Dream Log

2019 | Dir. Michael Dowse | 105 Minutes
4 out of 5
A serviceable, surprisingly bloody, R-rated comedy deserving of an extra point thanks to the charm of its two excellent leads and fun supporting cast. Kumail Nanjiani and Dave Bautista are without a doubt an entertaining duo, fully committing to their roles as the timid doormat Uber driver and the too-macho-for-his-own-good hero cop. While the picture features some truly hilarious moments, the script is slightly undercooked, leading up to a third act that's somewhat lacking. It could have also made more use of Iko Uwais though we do get a couple brutal, if brief, fights between the Indonesian action phenom and Bautista.

2019 | Dir. Ari Aster | 147 Minutes
4 out of 5
Writer/director Ari Aster's follow-up to Hereditary is a beautifully shot exercise in ritual catharsis, and as far away as viewers can get from a generic big studio horror film. In fact, hyper-elaborate pagan ceremonies and lingering graphic violence aside, I'm not 100% sure I'd even file this one under horror. It's strange, it's engaging, it's creepy (maybe not outright scary enough for weirdos *like me* who ravenously consume the genre), it's morbidly funny, it drifts a bit before it goes off the rails, and it's ultimately mighty gratifying.

2019 | Dir. Danny Boyle | 116 Minutes
3 out of 5
A sweet and adorable romcom starring very attractive people that just happens to feature decent covers of the Beatles' greatest hits performed by charming lead Himesh Patel. The fun and intriguing high-concept plot device that sets the story in motion is mostly played for clever (but never too clever) laughs, eventually tying into the stardom-is-corrosive moral of the tale. The universe-altering incident is never explored in greater metaphysical depth - and that's fine, really! It's one of those saccharine-by-design follow-your-heart movies, not a speculative sci-fi mindwarp after all. The most creative aspect of the picture is director Danny Boyle's signature visual flair, and he's clearly overqualified for the job. Side note: Kate McKinnon is awesome as Ed Sheeran's aggressively evil manager.

2019 | Dir. Gary Dauberman | 106 Minutes
3 out of 5
The latest Conjuring-adjacent flick has a lot going for it - amiable and versatile young leads, inspired creature designs and set pieces, and even a touching story at its core. The problem is that it just isn't particularly scary. Despite having all the right components, and competent direction that adequately builds the appropriate atmosphere, the scares are impressively constructed but disappointingly toothless. Also, for an Annabelle movie, the comically creepy doll (or, per the lore, the demon that manipulates it) doesn't really do very much, sharing the spotlight with the other entities unleashed from the Warrens' storied room of cursed objects. It's a fun, but ultimately forgettable ride. Here's hoping the next mainline Conjuring film delivers the quality horror that these spin-offs lack due to one mediocre aspect or another.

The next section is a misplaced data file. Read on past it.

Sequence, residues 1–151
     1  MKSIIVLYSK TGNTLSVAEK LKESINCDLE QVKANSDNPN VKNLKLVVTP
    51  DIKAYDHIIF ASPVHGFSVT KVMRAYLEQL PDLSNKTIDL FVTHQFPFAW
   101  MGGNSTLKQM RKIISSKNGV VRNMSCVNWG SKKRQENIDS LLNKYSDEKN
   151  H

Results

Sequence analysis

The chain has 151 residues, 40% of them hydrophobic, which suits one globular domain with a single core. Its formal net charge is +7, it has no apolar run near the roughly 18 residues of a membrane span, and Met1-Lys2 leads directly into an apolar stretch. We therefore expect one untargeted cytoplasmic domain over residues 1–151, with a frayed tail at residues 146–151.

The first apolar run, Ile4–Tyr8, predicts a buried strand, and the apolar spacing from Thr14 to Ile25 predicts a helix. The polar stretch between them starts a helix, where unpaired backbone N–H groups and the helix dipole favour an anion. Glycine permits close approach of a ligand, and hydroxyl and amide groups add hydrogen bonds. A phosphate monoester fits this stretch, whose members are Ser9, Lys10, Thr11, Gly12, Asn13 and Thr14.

2019 | Dir. F. Gary Gray | 115 Minutes
2 out of 5
This soft reboot is so dull, it's downright criminal. Casting Tessa Thompson and Chris Hemsworth in the respective MIB rookie and burned-out mentor roles was a brilliant notion but their talents are utterly, heartbreakingly squandered on a not-very-clever not-quite-weird-enough plot, and the lifeless and forgettable set pieces in between. Perhaps most upsetting, Kumail Nanjiani, one of my favorite performers ever, provides the voice for a tiny alien creature that essentially serves as the joke writers' weaksauce punch-up dispenser. While the movie's not offensively terrible, it's just a waste of time for everyone involved including its potential audience. It could have been so much more.